In Vancouver

The flight to Vancouver was long, long, long, but there were some interesting characters that my mom and I got to experience on the way. I’ll be writing about them eventually – unless I decide to hoard them in order to use them in some piece of fiction eventually.

Our first day was yesterday, and (incredibly) we dragged ourselves out for a full day of walking around and exploring the city.

Today my mom, my aunt, my brother and I walked around Vancouver some more. We went to Granville Island, this really cool inlet that has an arts university as well as an arts high school and is full of awesome young people. There’s a market there that looks like it came straight out of Disneyland – it’s too perfect and adorable. I loved it. There are also a couple dangerous stationary stores that I had a hard time tearing myself out of. I love that stuff way too much.

My hands are strangely slow and heavy as I write this, so I think that it’s time for me to fall back into bed. I got out of it a mere twelve hours ago, but a second day of walking around and a healthy dose of jet-lag is affecting me, clearly. Good night, people.

A Pause, An Apology

As some of you may have noticed, I’ve not been here quite as regularly during the past few days – and that includes not reading and commenting on all your wonderful blogs as often as I’d like.

The reason is pretty much the usual one when it comes to me: I’m stressed and getting ready to pack up my essentials and move back to New York for a semester. In addition to the logistics of wrapping up my summer vacation and getting ready to go back into study-mode, I’ve also been going through on emotional roller-coaster. One of the ways I contend with it is to remind myself that everything I experience, however painful and difficult, can always be used later as material. It might be a cold way of dealing with things, but it works.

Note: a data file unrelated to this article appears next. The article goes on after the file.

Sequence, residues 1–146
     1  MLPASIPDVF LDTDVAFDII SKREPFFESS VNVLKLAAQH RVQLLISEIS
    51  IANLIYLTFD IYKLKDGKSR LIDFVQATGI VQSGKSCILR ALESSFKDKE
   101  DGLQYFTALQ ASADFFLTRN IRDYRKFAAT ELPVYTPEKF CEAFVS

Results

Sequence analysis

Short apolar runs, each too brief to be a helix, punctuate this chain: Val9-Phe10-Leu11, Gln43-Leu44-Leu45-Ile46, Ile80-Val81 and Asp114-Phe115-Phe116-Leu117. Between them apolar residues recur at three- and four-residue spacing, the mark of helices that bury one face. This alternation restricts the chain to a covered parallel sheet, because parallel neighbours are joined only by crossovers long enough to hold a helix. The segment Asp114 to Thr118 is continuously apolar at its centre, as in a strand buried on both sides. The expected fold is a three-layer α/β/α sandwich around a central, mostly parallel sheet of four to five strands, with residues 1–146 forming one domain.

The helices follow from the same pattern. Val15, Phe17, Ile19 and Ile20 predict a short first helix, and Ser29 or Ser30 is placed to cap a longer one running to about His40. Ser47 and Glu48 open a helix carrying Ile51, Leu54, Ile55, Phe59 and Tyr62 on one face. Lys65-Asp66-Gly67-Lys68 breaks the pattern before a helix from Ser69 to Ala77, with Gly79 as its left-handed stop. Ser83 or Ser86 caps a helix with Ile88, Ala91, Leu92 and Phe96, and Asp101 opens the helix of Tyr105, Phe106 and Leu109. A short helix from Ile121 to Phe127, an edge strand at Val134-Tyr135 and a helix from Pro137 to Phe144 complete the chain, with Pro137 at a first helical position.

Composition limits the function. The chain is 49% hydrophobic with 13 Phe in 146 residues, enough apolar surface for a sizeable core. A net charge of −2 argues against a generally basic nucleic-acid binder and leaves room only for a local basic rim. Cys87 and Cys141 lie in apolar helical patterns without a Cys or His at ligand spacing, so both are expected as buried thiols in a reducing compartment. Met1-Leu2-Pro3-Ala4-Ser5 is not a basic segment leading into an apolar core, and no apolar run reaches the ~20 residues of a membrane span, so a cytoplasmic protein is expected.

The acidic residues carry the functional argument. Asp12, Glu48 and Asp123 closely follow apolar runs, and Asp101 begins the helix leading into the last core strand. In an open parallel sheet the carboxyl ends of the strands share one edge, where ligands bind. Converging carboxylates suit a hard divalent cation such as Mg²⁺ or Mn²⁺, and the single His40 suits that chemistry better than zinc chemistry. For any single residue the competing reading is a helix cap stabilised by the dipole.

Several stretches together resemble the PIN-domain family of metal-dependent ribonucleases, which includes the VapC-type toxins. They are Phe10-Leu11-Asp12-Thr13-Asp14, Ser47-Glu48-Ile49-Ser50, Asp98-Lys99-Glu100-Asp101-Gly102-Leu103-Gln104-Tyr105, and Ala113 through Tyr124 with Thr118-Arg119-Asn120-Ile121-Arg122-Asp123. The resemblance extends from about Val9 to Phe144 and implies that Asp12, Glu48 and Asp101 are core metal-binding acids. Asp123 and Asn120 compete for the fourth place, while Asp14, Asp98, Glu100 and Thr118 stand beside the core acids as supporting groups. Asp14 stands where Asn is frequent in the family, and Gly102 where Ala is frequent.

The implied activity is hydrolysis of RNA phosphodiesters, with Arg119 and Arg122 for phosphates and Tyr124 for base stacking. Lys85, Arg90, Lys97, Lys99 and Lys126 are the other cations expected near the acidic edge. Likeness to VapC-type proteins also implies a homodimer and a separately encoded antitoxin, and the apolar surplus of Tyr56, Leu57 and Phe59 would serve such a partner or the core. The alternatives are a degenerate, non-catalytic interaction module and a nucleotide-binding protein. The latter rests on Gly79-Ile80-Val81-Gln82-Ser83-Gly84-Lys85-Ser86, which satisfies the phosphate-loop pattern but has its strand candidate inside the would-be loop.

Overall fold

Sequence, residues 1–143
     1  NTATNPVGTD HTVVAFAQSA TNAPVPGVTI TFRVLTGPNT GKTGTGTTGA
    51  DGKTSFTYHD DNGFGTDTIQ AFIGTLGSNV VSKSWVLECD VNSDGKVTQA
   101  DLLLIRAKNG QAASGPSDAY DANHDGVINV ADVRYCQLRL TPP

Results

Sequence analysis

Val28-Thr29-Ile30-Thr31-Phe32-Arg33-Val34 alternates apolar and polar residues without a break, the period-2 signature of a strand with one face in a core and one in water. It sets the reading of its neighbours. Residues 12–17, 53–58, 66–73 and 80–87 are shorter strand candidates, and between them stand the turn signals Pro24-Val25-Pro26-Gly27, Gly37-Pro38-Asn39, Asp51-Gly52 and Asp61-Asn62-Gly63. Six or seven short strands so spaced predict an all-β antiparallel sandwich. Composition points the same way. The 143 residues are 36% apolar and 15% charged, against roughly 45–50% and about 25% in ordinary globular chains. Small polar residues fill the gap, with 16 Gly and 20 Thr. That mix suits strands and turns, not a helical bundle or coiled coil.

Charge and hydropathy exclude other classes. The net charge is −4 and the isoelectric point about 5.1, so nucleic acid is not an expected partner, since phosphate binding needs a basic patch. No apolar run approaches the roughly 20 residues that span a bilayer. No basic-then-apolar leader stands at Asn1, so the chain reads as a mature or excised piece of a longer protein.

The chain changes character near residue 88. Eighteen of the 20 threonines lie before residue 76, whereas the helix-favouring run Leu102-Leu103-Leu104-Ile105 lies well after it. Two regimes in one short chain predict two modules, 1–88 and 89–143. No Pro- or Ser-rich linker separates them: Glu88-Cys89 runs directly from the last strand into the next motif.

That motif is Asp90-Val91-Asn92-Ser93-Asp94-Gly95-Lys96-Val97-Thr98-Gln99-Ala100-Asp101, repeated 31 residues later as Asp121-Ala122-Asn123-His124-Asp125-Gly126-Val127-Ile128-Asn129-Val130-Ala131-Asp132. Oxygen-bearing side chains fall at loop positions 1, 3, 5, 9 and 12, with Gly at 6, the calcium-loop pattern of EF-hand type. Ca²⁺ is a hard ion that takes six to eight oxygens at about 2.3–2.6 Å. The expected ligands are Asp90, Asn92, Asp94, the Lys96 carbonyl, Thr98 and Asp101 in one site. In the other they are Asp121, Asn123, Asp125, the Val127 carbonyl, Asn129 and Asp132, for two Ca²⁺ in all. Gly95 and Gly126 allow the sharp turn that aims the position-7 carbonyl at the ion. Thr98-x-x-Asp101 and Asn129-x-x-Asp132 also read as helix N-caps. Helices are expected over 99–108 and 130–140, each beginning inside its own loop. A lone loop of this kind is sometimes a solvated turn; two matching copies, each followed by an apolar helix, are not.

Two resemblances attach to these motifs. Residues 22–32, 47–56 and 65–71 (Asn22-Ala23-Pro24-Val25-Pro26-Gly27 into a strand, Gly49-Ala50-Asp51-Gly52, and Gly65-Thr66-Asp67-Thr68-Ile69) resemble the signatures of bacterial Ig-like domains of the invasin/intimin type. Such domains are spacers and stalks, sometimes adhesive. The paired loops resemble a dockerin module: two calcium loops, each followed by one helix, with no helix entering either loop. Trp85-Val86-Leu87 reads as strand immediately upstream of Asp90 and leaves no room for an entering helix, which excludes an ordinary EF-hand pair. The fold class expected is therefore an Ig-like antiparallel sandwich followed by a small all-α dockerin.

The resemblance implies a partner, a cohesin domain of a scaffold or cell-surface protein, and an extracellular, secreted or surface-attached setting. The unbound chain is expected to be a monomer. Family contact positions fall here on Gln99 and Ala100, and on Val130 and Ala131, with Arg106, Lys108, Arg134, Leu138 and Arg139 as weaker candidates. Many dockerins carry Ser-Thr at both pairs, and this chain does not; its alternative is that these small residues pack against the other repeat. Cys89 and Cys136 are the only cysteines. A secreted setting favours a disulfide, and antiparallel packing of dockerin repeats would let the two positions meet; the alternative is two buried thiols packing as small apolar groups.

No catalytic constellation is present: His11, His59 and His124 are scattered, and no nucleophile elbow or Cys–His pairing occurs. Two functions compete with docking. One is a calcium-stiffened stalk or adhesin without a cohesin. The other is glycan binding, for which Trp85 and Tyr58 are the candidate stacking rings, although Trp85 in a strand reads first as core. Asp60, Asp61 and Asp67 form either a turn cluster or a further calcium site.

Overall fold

On Tuesday night, my mother and I fly to Canada to visit my aunts for a week. From there, we go to New York for a couple days vacation before I go back to university, where I get to move into my shiny, new (well, newly painted, at least) single dorm room. Once it’s all set up, I might actually take pictures and post them here. Then again, I might be too lazy. In two weeks, I’ll be part of the team of students welcoming the freshpeople into the college by helping them move their things into their rooms.

So the next two weeks are going to be hectic, full of flights, family and friends. I’m going to do my utmost to continue updating regularly and reading your blogs, but if I miss a couple days, I’m extending my apology preemptively, and hope you’ll forgive me.

Freakout

Tears swell up.

Bile churns.

Head aches.

Heart burns.

*

Muscles tense.

Thoughts amass.

Hands shake.

Words turn crass.

*

Flying away.

Later today.

Not to stay.

But that’s okay.

*

Freakout.

Walkabout.

Lipsapout.

I’llsortitout.

Almost Done…

Promises are made to be broke, I suppose. Nevertheless, it literally makes me ache that I haven’t the time to write here nor read the words of my friends. The only thing that comforts me at the moment is the fact that in less than two weeks I’ll be boarding an airplane and flying home for a month, during which I hope to rejuvenate and let my creative juices flow for a while.